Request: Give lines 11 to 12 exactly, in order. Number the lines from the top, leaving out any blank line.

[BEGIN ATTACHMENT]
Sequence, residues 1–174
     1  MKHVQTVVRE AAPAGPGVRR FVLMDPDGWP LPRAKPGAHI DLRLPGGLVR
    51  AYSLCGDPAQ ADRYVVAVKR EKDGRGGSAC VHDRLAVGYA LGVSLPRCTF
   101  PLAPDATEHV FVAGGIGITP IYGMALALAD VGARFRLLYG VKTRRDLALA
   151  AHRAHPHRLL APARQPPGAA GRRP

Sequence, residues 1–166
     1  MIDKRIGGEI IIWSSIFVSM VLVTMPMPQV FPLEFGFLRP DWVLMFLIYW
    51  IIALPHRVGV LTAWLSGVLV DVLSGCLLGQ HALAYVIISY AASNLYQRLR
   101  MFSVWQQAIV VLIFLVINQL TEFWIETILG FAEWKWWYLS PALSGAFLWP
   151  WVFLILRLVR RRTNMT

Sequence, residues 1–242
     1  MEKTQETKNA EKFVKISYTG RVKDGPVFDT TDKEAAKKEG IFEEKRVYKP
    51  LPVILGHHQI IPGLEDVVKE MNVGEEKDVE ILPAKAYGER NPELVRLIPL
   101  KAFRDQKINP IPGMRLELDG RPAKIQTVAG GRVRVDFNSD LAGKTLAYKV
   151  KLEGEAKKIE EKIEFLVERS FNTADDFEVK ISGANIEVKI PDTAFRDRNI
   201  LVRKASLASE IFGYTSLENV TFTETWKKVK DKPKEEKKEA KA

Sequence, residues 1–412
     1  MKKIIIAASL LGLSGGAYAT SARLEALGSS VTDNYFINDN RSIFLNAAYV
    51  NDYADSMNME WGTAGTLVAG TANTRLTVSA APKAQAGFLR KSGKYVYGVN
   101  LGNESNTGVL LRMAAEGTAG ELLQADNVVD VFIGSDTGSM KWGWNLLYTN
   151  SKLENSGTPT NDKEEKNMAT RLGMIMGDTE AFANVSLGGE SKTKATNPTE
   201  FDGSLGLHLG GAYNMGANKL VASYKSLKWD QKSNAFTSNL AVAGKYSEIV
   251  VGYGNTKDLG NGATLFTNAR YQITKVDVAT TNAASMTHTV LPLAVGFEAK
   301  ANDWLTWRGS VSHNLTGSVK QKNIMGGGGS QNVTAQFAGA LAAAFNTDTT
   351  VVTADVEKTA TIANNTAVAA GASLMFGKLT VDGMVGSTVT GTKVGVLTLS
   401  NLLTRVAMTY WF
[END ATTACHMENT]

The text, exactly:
Sequence, residues 1–242
     1  MEKTQETKNA EKFVKISYTG RVKDGPVFDT TDKEAAKKEG IFEEKRVYKP